“You just wouldn’t understand. I have this dark side of stuff that I can’t really talk about or let out.”
Ever said this? Ever heard it from someone else? I’ve lost count of how many times over the years I have talked like this or listened to someone else try to avoid talking about what’s going on inside them.
It’s not pretty there and few have ever gone …
A friend dropped the Kelly Clarkson song “Dark Side” on me the other night. He quoted the lyrics in a text to try to help explain what was going on in our conversation, and I was surprised at how poignant the lyrics were in the moment. Even more, though, those lyrics fit so many moments in my life and the lives of every single person I know.
Oh oh oh, there’s a place that I know
It’s not pretty there and few have ever gone
If I show it to you now
Will it make you run away?
In my younger years, it seemed every teenager felt a dark side within them that they wrestled with. I sure did. All of us in high school and college seemed to have this fear of letting our dark side out too much and letting too many people into it.
No one ever told me this dark side feeling would extend into adulthood. Heck, they didn’t tell me a lot about adulthood! (Anybody else feel like the adults kind of hid the true story of what it’s like to be an adult?) Our dark sides are much bigger than anything Darth Vader or Anakin Skywalker had to deal with.
Our dark sides can extend from childhood to our teen years and linger on into adulthood and into our marriages and permeate everything we do. When we are younger, childhood abuse, neglect, and trauma and teenage struggles over identity, relationships, sexuality, drugs, alcohol and family seem to run the dark conversation.
Dark sides in adulthood get even more complicated
But adults struggle with dark sides, too. As I live through my forties right now, I can recognize that people around me, no matter what age, are still struggling with elements of their dark side. In adults, I wonder: do our dark side stems from our younger years and morph and mutate over our entire lives, or do some people develop a dark side in their adult years based on grownup issues? Do we ever move beyond our dark side or is there always some form of dark side in us for our entire life?
As we get older, we deal with challenges with alcohol and drugs, marital struggles, grief and loss, personal trauma, mental illness, anxiety, fears and so much more. The list goes on and on. Just because you gain more years in your life doesn’t mean you figure out how to manage your dark side any better. But the adult version gets even more complicated. We try to mask and suppress our dark sides through adding on additional vices like alcohol, drugs, sex, pornography, anxiety and other addictions. Identifying and weeding out the source of the pain gets even more complicated because the vices can create layers of dark side to sort through.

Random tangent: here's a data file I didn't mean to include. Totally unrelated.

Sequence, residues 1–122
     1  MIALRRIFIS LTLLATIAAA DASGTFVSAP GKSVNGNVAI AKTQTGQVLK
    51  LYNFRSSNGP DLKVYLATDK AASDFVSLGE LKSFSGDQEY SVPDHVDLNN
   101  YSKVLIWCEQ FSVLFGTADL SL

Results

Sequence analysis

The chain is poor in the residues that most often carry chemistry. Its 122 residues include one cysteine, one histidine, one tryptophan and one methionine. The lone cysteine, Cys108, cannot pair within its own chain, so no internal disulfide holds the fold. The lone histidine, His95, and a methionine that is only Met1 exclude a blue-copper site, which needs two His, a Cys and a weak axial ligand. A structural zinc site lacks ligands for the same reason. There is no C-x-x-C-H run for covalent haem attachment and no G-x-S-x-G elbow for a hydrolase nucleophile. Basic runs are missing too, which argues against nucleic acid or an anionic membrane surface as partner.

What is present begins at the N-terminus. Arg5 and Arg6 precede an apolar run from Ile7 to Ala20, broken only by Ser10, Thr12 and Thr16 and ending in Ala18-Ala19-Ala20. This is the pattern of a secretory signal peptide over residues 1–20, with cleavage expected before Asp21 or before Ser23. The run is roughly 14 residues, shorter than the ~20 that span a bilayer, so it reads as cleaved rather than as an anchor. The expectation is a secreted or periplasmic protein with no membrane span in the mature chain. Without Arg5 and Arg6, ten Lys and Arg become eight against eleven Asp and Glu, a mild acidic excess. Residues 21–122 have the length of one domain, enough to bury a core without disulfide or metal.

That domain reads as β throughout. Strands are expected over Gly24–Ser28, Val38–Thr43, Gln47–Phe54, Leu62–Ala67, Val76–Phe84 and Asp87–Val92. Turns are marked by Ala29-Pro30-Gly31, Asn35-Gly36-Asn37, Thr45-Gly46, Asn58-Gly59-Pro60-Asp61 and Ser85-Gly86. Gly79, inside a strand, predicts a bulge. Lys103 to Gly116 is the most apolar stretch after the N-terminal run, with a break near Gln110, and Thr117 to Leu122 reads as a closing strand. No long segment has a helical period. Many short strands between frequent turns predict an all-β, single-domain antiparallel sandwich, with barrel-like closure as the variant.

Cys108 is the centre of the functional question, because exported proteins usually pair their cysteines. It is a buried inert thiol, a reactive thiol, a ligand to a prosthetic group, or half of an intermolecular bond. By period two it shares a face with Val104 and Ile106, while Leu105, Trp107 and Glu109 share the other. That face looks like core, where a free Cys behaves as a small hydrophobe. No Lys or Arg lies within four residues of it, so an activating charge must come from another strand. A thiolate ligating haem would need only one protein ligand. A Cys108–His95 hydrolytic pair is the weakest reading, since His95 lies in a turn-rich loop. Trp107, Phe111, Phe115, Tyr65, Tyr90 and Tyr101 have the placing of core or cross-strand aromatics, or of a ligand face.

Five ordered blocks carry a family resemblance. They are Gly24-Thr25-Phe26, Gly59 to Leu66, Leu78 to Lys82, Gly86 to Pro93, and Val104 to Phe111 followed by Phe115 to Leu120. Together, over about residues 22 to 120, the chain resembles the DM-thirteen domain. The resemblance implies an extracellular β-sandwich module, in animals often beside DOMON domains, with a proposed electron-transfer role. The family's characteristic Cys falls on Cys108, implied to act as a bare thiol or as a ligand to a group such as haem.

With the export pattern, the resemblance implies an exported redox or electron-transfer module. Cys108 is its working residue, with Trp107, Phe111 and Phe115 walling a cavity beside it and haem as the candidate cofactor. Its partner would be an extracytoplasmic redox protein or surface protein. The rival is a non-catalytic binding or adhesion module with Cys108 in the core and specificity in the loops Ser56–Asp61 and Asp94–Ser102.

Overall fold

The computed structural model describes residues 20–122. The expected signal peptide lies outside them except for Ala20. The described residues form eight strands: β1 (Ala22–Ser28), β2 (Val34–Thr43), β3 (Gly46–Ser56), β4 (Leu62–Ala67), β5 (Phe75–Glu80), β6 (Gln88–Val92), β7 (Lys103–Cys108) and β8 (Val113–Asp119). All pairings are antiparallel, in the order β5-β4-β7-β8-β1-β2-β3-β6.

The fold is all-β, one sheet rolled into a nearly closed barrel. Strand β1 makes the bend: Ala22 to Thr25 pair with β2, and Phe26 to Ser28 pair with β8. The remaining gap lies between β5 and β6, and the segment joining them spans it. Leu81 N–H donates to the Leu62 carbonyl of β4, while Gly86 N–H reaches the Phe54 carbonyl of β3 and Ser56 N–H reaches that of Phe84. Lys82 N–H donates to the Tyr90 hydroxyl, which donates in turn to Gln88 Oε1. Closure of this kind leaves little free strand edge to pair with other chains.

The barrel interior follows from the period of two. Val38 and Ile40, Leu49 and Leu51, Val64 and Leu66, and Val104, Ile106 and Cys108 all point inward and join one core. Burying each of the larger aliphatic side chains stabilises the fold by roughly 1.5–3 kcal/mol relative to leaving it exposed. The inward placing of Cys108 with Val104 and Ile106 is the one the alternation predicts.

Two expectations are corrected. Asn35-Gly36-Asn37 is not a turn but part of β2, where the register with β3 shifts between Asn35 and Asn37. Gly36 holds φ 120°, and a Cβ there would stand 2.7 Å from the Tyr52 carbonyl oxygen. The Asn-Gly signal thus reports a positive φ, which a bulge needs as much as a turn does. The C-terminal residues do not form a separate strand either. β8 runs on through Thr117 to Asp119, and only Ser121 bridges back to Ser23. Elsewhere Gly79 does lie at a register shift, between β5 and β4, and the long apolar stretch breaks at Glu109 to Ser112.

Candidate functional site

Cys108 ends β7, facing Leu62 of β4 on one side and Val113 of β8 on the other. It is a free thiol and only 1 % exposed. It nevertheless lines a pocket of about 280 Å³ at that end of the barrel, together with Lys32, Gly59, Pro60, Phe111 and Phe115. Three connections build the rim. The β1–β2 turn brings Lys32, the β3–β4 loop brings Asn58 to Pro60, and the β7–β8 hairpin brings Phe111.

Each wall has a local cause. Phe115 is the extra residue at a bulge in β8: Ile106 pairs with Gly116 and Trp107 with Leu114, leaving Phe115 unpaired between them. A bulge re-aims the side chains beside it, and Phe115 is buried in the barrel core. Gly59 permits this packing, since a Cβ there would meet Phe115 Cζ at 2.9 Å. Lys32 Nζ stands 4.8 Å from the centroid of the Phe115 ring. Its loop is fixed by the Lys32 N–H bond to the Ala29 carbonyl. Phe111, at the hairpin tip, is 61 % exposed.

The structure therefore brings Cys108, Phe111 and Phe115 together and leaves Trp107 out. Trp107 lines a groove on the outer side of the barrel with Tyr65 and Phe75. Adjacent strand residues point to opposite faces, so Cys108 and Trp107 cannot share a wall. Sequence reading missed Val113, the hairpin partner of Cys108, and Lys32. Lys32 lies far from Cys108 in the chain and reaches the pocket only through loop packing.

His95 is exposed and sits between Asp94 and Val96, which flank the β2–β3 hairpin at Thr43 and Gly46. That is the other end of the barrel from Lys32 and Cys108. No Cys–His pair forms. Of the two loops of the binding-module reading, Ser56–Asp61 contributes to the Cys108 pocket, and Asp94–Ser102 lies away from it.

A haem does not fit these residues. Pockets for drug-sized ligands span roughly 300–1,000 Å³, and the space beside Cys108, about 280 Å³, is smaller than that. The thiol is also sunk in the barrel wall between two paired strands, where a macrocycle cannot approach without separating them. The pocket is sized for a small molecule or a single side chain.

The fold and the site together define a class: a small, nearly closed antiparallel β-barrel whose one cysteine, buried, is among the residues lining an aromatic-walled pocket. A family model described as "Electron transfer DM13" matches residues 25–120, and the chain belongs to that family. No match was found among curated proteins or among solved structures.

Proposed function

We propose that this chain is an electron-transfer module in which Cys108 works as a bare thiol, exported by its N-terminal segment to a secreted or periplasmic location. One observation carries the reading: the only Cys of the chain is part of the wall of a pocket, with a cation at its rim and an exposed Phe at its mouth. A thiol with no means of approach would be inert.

No matter who you are or your place in life, you are wrestling internally with something that you hope other people don’t discover about you. Tabloids are full of the struggles and flaws of public personalities and celebrities, but isn’t this something we all deal with in our own quiet moments?
What is the first step of dealing with your dark side?
What’s your thing you are holding onto? How do you handle your dark side? How do you process it? Do you hide it? Do you let it control you? Have you shared it with someone close to you? Or do you try to manage it alone with varying degrees of success and failure? Does it create bigger problems for you because you suppress it out of fear it will get out? Are you able to process it in a way that doesn’t affect other areas of your life?
Like a diamond
From black dust
It’s hard to know
What can become
If you give up
So don’t give up on me
Please remind me who I really am
I don’t have all the answers. And dealing with your dark side requires an individual response. (If you don’t know where to start or who to talk to, I encourage you to look into professional counseling.) But you are not alone. We are all in the same struggle, each finding our way. Remember one important thing — you are not the struggle. Your dark side is not your actual identity, and you are much more and bigger than the struggle. But take the first step and start by letting someone you trust into your struggle.